Keeping You Safe in 2021

Pink planner that has "2021" on it in black ink
Wednesday, January 20, 2021 - 8:30am

As we start a new year, the Department of Public Safety offers some quick and easy tips that will help keep you on track to a safe 2021. Whether online, at home or out and about, please stay informed and stay safe.

Be Cyber Smart and Cyber Safe

Be vigilant in protecting your information online and take precautions when using mobile devises. Unsecure platforms can make your information vulnerable to online criminals. Only provide personal information on sites you trust, update privacy settings on social media, only download information from trusted sites and shut down your computer when you aren’t using it. Simply following these tips will enhance your online security presence. Visit our CyberSmart blog to for more tips. 

Part of being safe includes reporting any threats of violence – whether online or in person - to the proper authorities. If you see or hear something, speak out! Call or email NC ISAAC (North Carolina Information Sharing and Analysis Center) at ncisaac@ncsbi.gov or 1-888-624-7222. 

When Out and About

Always Be Aware of Your Surroundings

Whether you are out exercising or shopping, it’s a smart safety practice to be aware of your surroundings. When exercising, choose areas and neighborhoods that you feel are the safest. Try to avoid areas with lots of doorways and alleyways that could conceal a criminal. Also, select routes that are well lit and have wide pathways. Try not to wear clothing that will block your peripheral vision. Find more running safety tips here

When shopping, keep your wallet in your front pocket or your purse close to your body. Lock your vehicle and do not leave personal items unattended or out in the open in your vehicle. 

Sign Up for Emergency Alerts

Keep you and your family safe by signing up for emergency alerts. The alerts are free (data rates may apply) and will keep you informed during emergencies. Sign up for flood alerts at: https://fiman.nc.gov/. Many counties also have their own alert system for more local emergencies. Visit our Counties Page to find out which system is in place in your county and sign up.

Remember the Move Over Law

North Carolina’s Move Over Law took effect in 2002. The law requires motorists, if they can safely do so, to move one lane away from qualified vehicles with flashing lights that are stopped on the side of the road. Take the time to move over, it’s for the safety for all and provides additional space for personnel to do their jobs. More about the Move Over Law here.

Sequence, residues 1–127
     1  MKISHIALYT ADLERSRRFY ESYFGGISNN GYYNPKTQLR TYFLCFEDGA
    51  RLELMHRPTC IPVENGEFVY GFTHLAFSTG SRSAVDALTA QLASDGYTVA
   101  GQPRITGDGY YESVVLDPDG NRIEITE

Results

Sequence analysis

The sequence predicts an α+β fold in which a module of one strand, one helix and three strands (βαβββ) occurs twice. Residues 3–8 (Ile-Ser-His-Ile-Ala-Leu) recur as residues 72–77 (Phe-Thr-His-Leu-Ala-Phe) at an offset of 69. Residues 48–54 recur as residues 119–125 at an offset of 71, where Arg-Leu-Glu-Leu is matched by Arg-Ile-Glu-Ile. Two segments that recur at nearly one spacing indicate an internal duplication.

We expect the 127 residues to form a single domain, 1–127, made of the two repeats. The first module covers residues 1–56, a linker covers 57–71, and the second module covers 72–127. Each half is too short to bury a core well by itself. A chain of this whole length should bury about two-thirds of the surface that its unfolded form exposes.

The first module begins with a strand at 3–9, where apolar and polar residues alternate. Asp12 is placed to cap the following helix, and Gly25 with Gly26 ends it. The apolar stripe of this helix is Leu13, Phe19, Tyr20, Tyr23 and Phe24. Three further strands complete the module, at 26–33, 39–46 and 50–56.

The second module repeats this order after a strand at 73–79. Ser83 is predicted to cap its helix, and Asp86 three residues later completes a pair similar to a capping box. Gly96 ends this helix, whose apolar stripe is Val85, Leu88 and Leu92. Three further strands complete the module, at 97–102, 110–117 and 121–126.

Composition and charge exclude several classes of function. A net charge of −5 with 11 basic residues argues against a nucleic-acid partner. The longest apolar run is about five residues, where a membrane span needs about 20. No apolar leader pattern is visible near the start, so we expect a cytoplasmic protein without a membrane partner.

Use Proper Car Restraints

One of the safest choices both drivers and passengers can make in a vehicle is to wear a seat belt. The National Highway Traffic Safety Administration estimated that in 2017, seat belt use in passenger vehicles saved an estimated 14,955 lives. In that same year, 47% of those killed in motor vehicle crashes were not wearing a seat belt.

All passengers should be secured by a seat belt when traveling in a vehicle. Adults should wear the lap and shoulder belt across their pelvis and rib cage. Children should be restrained in a car or booster seat based on their age, weight and height. Learn more about car seats from the National Highway Traffic Safety Administration.

At Home

Create an Emergency Plan

An emergency plan lays out how members of a household will respond during an emergency. The plan should include where to go, what to do and how to reconnect during a disaster. Once you’ve created an emergency plan, be sure to practice it with everyone in your family – that means pets, too. Learn more about creating your family’s emergency plan here.

Build Your Emergency Preparedness Kit

Last year the country experienced its most active hurricane season and the worst wildfire season ever. One way to ensure you and your family are safe is by creating an emergency kit. Most of the items can be found already around your house, but it helps to have them all gathered and stored in a single, easily accessible place. The kit should include enough food, water and supplies to sustain each person and pet in the household for three to seven days. It’s never too early to get yours together. Learn more about emergency preparedness kits.

Test Smoke Alarm and Carbon Monoxide Detectors

Smoke and carbon monoxide detectors run on batteries and can only do their job while the batteries last. Check and make sure your smoke alarms and carbon monoxide detectors are working and replace the batteries if needed. Once the batteries are replaced, test each system to ensure it is working properly. Also check the manufacturer’s recommended replacement age. If your detector is past it’s prime, it may be time to invest in a new one. 

Author: 
Dabney Weems